Addressing Family Homelessness through Rapid Re- housing

Prevalence of Homelessness/Housing Instablity Among Families
• 222,000 persons in families (including over 130,000 children) are homeless on any given night, 31,000 in an unsheltered location. • 175,000 families (including 340,000 children) stay in a homeless service program each year. • 1.166 million school age children identified as meeting Dept. of Ed. Definition of homeless (includes children in doubled up housing, shelter/unsheltered locations each year. • 3.24 million families with children with “worst case housing needs. • 7.4 million low income people in doubled up housing.

Characteristics/Compared to Other Poor Families
• Predominately single-parent households. • A significant proportion of families are headed by a young parent (under 25) • Slightly over half of children are 5 or under - prevalence higher the younger the child. Pregnancy is also a risk factor for homelessness among low income families. • Families are very poor (typically under 50% of poverty level) • African-American households are disproportionately represented. • Children viewed by researchers as being at far end of a continuum of risk.

Homeless Services Transforming Quickly
• Traditionally – offered a temporary place for families to stay until they got resources together to move back into housing and overcome housing barriers.
– Approximately 20-25% families spend a year or longer in long-term transitional programs.

• Today/Near Future – focused on providing families the support they need to move quickly out of shelter and back into housing in community with rapid re-housing.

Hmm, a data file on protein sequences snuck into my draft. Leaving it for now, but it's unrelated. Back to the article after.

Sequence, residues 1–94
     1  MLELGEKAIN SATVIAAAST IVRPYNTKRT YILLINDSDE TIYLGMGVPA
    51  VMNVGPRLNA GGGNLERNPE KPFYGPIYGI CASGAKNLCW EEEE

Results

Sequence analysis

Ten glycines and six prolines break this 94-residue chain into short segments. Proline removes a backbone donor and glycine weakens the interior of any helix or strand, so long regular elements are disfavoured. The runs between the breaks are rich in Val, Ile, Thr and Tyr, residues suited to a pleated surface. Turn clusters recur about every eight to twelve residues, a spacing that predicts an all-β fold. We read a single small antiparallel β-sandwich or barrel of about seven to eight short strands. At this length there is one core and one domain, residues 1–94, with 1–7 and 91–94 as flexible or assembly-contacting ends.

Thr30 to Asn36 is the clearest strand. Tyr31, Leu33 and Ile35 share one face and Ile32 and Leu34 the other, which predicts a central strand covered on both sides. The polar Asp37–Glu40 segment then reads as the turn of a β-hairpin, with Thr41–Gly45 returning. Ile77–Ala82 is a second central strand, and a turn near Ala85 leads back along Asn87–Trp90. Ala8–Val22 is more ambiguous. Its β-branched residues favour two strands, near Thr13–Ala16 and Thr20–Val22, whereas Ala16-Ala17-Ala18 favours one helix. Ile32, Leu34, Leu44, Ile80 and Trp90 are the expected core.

Rapid Re- housing
• Rapid Re-housing is a strategy designed to help individuals and families move quickly back into housing in the community through the provision of: – Housing Identification (such as housing search/landlord negotiation assistance) – Help paying for rent (Financial assistance/move-in) – Rapid Re-housing services (such as case management support/service linkages including income and employment services/support)

Benefits of Rapid Re- housing • Better economic investment: more families served • Families less likely to become homeless again • Number of homeless families declines • Number of families in their own home within a month increases

Outcomes: Rapid Re- housing

Outcomes: Rapid Re- housing

Other Examples of Success
• Mercer County (Trenton), NJ: Daily census in shelter/transitional housing declined by 62% between 2007 and 2013. • Salt Lake City: Reduced average family homeless episode by more than 50% - from 71 days to 26 days. • Las Vegas: Has almost eradicated unsheltered homeless episodes for persons in families.


Sharon McDonald National Alliance to End Homelessness (202) 942-8253

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